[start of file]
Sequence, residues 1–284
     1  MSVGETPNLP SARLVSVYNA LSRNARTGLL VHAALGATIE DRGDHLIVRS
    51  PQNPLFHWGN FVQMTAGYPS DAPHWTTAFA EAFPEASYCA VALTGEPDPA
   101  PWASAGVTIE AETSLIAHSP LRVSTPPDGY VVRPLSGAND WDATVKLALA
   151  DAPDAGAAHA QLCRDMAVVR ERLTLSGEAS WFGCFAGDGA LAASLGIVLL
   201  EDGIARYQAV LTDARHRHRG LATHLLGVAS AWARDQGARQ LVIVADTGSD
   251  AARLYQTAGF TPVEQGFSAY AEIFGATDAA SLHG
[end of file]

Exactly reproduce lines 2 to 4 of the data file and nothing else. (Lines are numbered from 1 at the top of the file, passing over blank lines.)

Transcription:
     1  MSVGETPNLP SARLVSVYNA LSRNARTGLL VHAALGATIE DRGDHLIVRS
    51  PQNPLFHWGN FVQMTAGYPS DAPHWTTAFA EAFPEASYCA VALTGEPDPA
   101  PWASAGVTIE AETSLIAHSP LRVSTPPDGY VVRPLSGAND WDATVKLALA